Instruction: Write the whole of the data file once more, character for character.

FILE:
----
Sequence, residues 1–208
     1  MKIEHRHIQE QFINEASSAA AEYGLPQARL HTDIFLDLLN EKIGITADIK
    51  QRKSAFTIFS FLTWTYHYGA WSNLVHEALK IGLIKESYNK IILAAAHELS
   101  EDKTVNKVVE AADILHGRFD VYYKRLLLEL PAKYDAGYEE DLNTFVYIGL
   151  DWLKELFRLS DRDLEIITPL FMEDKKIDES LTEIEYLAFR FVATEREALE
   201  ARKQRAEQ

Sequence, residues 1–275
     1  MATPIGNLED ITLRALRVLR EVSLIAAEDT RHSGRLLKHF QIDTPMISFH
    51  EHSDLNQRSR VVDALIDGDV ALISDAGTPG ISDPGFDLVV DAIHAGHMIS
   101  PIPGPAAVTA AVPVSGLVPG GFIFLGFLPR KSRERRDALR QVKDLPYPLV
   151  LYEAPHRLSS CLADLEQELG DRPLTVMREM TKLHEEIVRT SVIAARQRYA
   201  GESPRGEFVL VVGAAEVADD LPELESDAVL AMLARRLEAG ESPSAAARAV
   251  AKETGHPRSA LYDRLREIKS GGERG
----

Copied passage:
Sequence, residues 1–208
     1  MKIEHRHIQE QFINEASSAA AEYGLPQARL HTDIFLDLLN EKIGITADIK
    51  QRKSAFTIFS FLTWTYHYGA WSNLVHEALK IGLIKESYNK IILAAAHELS
   101  EDKTVNKVVE AADILHGRFD VYYKRLLLEL PAKYDAGYEE DLNTFVYIGL
   151  DWLKELFRLS DRDLEIITPL FMEDKKIDES LTEIEYLAFR FVATEREALE
   201  ARKQRAEQ

Sequence, residues 1–275
     1  MATPIGNLED ITLRALRVLR EVSLIAAEDT RHSGRLLKHF QIDTPMISFH
    51  EHSDLNQRSR VVDALIDGDV ALISDAGTPG ISDPGFDLVV DAIHAGHMIS
   101  PIPGPAAVTA AVPVSGLVPG GFIFLGFLPR KSRERRDALR QVKDLPYPLV
   151  LYEAPHRLSS CLADLEQELG DRPLTVMREM TKLHEEIVRT SVIAARQRYA
   201  GESPRGEFVL VVGAAEVADD LPELESDAVL AMLARRLEAG ESPSAAARAV
   251  AKETGHPRSA LYDRLREIKS GGERG